Ask Smart Questions

“What question should I ask at the end of the interview?” is a pain point. Job seekers wait in terror for the end of the interview for the interviewer to ask, “Do you have any questions for me?” Instead of focusing on being in the present, the person is distracted, trying to figure out some intelligent questions to ask.

Instead of going through this trauma, have a few questions already prepared. There is no reason to wait until the end of the interview. Instead, ask questions when it feels right. If the interviewer says something that you don’t understand, ask for clarification. When the interviewer says something that resonates with you, feel free to inquire more deeply into the matter, demonstrating your interest. Treat the interview as a conversation you would have with family or friends. It should be a genuine, organic, collaborative, back-and-forth discussion.

Some smart questions you could ask include, “Why did you decide to invite me to the interview? What about my résumé made you believe I’m right for the role? What would I need to do to succeed in this job?” These and similar questions make the interviewer think of all the attributes, background, experiences, education and talents you have. By answering your questions, the hiring person will start to convince themself that you are the right person for the role.

Demonstrate You Did Your Homework

It’s a big turnoff when an applicant arrives unprepared. An interviewer thinks poorly of a candidate that is unaware of the company’s mission statement, major developments within the organization or didn’t sufficiently read the job description or research the company and its personnel.

You want to lead by letting the interviewer know that you’re well-informed about the company and the requirements of the job advertisement. It's appreciated when you can clearly and concisely match up your background with what’s required for the role. Once again, this makes the life of the interviewers easier, as they recognize, due to your homework and due diligence, that you are highly interested.

Set Up Times That Are Best For the Interviewer

Of course, you’d like to set up an interview when it's best suited to your schedule. To show that you are respectful and courteous, defer to what days and times work best for the human resources person.

When asked about your availability, say, “Thank you for inviting me to this interview. I’m excited about the opportunity and look forward to meeting with you.” Then, add, “I understand that you might be interviewing several people and you’re very busy. Please feel free to share what days and times are the most convenient for you and I’ll gladly schedule my time to accommodate your availability.” This will make you stand out compared to your competitors, who might be imposing on the HR person with times that are inconvenient, setting a negative mindset even before the interview starts.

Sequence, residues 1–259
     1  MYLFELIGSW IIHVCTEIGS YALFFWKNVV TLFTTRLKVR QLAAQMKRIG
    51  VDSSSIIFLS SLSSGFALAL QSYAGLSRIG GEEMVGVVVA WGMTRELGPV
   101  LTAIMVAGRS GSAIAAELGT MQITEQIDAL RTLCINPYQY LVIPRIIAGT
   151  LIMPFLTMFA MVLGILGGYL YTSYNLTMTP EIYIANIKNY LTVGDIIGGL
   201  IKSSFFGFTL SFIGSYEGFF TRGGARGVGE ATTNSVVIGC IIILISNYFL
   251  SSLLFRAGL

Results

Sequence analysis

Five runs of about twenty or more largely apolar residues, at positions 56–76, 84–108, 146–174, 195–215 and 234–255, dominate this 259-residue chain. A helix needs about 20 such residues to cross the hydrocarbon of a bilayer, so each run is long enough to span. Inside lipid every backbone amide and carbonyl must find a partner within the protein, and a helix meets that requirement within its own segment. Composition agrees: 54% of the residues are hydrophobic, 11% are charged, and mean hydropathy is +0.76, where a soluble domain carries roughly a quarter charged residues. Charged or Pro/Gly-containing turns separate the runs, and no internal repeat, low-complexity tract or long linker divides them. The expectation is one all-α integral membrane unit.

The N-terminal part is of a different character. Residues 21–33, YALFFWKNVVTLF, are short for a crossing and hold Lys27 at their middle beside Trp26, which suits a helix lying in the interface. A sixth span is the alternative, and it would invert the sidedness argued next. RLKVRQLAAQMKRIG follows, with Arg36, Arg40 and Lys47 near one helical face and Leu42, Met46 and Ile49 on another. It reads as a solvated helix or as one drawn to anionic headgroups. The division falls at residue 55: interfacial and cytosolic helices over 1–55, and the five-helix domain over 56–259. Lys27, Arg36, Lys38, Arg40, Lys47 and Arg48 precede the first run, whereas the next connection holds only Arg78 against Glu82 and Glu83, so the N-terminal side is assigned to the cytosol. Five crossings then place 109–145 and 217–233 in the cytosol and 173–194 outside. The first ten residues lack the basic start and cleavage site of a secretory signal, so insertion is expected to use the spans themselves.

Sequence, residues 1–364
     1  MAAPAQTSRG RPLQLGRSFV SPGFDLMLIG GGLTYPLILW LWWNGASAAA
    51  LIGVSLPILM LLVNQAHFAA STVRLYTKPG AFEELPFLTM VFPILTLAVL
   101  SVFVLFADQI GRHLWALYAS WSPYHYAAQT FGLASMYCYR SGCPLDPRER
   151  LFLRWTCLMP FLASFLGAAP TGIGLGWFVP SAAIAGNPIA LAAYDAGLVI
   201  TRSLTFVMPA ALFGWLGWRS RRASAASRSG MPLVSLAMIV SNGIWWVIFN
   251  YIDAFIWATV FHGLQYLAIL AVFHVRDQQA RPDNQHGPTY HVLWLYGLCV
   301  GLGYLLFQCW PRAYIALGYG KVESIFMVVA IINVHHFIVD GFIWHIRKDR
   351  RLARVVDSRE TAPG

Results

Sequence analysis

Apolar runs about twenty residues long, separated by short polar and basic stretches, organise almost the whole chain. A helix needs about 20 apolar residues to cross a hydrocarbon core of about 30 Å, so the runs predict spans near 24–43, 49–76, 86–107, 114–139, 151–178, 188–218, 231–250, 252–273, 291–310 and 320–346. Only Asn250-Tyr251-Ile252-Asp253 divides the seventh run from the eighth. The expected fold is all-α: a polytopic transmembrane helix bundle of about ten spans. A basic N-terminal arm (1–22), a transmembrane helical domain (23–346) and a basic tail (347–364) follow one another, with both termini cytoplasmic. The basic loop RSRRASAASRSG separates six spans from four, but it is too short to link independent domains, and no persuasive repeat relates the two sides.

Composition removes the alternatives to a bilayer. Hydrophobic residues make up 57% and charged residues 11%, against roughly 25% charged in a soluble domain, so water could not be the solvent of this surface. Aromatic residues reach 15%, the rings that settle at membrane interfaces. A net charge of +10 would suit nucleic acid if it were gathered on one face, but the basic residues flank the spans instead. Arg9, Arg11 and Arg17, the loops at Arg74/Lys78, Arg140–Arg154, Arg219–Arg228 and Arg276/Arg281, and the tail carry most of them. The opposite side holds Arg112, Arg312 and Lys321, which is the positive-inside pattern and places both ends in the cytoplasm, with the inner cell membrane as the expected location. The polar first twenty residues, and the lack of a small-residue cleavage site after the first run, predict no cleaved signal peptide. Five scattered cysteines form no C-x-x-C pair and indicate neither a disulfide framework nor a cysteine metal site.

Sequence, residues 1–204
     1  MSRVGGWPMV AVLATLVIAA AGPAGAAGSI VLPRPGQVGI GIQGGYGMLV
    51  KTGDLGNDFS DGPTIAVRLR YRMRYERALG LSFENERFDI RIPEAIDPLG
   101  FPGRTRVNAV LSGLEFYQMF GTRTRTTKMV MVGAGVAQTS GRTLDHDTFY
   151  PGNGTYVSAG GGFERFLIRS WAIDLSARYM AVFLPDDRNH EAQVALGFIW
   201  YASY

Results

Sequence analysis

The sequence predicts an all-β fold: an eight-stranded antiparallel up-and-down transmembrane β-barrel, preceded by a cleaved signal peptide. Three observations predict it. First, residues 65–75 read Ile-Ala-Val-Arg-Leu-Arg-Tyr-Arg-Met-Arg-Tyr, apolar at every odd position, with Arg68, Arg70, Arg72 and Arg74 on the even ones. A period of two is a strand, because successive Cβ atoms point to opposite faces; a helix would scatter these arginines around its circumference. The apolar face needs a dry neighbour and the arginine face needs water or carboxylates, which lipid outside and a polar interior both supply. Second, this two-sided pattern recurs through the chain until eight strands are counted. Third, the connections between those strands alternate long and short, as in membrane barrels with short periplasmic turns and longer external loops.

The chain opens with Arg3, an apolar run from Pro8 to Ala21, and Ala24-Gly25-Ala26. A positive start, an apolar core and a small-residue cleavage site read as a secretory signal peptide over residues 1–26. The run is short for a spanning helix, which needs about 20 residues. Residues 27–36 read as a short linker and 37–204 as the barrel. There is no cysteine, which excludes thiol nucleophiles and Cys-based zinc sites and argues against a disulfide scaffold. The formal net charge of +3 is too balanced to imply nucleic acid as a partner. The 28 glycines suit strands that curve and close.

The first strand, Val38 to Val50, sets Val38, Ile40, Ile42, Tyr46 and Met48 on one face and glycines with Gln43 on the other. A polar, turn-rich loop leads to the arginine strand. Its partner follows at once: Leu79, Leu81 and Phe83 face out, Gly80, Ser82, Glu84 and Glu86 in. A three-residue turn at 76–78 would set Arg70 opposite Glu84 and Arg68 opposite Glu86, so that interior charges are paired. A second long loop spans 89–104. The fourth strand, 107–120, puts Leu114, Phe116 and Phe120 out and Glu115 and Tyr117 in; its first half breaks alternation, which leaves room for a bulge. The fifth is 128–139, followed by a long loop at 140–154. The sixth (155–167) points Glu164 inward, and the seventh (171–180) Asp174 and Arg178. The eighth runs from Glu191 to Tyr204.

Wrapping Up The Interview With A Call To Action

When the interview is over, remember to tell them, “Thank you. It was a pleasure meeting you. I’m glad that you selected me. I look forward to the next step.” Be bold and follow up with, “Could you please share what the next steps are and who I’ll meet with for the following rounds?” By making these statements, you are framing the context in that you are interested and gently prodding the interviewer to start thinking about the next interview. If they offer the names of the people you’ll meet with, it will provide an advantage to check out their profiles on LinkedIn to gain a sense of their backgrounds and seek out anything you may have in common that will serve as an icebreaker.

As you are getting ready to leave, give a closing pitch that reminds them of your relevant attributes, by saying, “It was a pleasure getting to know you and learn more about the opportunity and company. When I first saw the job listing it felt right. Now, even more than before, I can tell that my background, experience and education would make for a perfect fit. I look forward to seeing you again. Thank you so much for your time. It was a pleasure!”